Presented in 1996, the A. Lange & Söhne 1815 collection of watches pays tribute to the birth year of the founder, Ferdinand A. Lange. As such, these modern ALS timepieces carries on the design traditions of vintage pocket watches from the center hands and subdial seconds layout to the Arabic numeral hour markers to the railway-track minute scale.
A. Lange & Sohne 1815 206.032
Take for example the A. Lange & Söhne 1815 ref. 206.032. It dons a 36mm rose gold case with matching rose gold details on the silvered dial. Note the blued hands on the running seconds indicator–a hand color often found on vintage pocket watches. The back of the watch gives us a view of the exquisite manual-wound Lange movement within while the watch’s classic style is finished with a brown alligator strap and 18k rose gold tang buckle.
A. Lange & Söhne Datograph
In 1999, A. Lange & Söhne caused a sensation with the launch of the Datograph, the brand’s signature chronograph family, which sits under the Saxonia collection. While A. Lange & Söhne does offer more complex versions of the Datograph such as perpetual calendar editions and tourbillion models, the flyback chronograph Datograph is the quintessential model.
A. Lange & Söhne Datograph ref. 403.035
The A. Lange & Söhne Flyback Datograph ref. 403.035 carries a 39mm platinum case houses a black dial that is packed yet balanced. There’s the iconic oversized date at 12 o’clock followed by the duo of registers. Plus, the tachymeter scale runs the periphery of the dial alongside the minute track, while applied Roman numerals mark the hours. Flip the watch around and you’ll be treated to a full view of the hand-wound Caliber L951, which does not hide under a three-quarter plate but rather, happily shows off its intricate construction.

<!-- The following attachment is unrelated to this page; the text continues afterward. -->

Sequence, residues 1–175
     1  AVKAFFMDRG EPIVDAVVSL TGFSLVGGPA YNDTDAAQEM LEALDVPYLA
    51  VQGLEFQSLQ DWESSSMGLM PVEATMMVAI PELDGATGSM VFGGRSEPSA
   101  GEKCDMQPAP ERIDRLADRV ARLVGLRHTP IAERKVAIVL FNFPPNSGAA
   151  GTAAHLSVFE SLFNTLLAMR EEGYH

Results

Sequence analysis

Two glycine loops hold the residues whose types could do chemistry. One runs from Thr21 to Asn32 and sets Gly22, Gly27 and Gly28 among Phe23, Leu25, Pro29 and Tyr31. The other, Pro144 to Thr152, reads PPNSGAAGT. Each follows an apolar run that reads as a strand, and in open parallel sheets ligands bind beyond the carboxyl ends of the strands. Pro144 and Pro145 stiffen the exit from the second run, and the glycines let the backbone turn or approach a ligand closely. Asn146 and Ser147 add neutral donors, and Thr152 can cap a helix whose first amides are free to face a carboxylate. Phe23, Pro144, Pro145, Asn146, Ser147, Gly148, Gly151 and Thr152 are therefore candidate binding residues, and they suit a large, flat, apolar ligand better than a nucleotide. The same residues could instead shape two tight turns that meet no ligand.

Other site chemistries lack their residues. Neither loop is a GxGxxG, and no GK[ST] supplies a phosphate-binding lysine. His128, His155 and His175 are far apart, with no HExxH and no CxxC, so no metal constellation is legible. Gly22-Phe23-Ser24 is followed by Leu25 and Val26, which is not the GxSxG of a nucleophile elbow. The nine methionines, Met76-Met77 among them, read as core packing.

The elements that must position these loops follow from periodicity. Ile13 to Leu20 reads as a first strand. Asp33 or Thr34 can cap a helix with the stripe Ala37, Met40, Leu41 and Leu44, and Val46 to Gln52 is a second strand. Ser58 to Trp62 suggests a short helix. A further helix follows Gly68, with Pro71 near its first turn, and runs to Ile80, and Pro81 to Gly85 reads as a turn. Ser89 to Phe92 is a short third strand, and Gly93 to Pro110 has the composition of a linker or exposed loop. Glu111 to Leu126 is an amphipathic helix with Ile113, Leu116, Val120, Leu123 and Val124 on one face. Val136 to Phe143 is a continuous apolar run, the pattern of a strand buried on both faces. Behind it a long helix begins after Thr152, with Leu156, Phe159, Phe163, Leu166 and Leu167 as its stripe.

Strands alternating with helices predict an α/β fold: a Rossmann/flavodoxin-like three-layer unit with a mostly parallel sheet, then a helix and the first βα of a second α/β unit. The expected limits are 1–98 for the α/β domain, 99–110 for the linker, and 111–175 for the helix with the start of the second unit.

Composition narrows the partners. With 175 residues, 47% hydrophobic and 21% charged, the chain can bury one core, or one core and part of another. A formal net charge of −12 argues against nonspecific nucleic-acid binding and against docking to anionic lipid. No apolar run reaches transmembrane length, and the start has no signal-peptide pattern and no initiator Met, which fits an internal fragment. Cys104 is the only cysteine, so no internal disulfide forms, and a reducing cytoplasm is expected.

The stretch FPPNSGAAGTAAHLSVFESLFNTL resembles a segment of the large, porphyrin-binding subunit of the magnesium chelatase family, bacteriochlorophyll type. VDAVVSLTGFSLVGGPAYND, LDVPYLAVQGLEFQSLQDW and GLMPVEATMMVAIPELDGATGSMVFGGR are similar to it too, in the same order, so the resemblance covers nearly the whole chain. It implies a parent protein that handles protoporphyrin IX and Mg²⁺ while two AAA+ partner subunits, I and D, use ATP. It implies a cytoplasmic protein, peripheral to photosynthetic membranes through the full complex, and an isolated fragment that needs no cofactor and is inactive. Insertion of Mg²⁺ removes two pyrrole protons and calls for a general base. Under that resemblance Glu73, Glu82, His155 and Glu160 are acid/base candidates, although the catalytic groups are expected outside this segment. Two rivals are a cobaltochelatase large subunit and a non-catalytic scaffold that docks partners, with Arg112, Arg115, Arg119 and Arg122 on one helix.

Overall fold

A. Lange & Söhne Langematik
After three years of producing hand-wound timepieces, in 1997, A. Lange & Söhne launched their first automatic watch with the Langematik. While early editions included time-only and time and date models, the company soon followed those up with more complex versions like the Langematik Perpetual Calendar.
A. Lange & Söhne Langematik Perpetual Calendar
The A. Lange & Söhne Langematik Perpetual Calendar ref. 310.032 starts with an 18k yellow gold 38.5mm case and silvered dial. On that dial, we see the combination of complications that makes this particular Lagematik a practical piece of wristwear. Along with the center hour and minute hands, the Langematik Perpetual Calendar features the small seconds, day, date, month, moonphase, am/pm indicator, leap-year indicator and zero-reset mechanism. Of course, as a perpetual calendar, as long as the watch keeps running, it’ll correctly update automatically taking into consideration the number of days in a month as well as leap years. As with all perpetual calendar watches, the only time the watch will need a manual adjustment is in 2100 when the leap year will be disregarded.
With an intriguing history, its progression of German haute horology, spectacular finishes, intricate movements, and iconic designs, A. Lange & Söhne is the epitome of fine watchmaking. Coveted by many but owned by just the few who, A. Lange & Söhne watches are simply exemplary and worthy of their grail status. And with a wide range of different A. Lange & Söhne models to choose from, it might be a challenge to pick just one.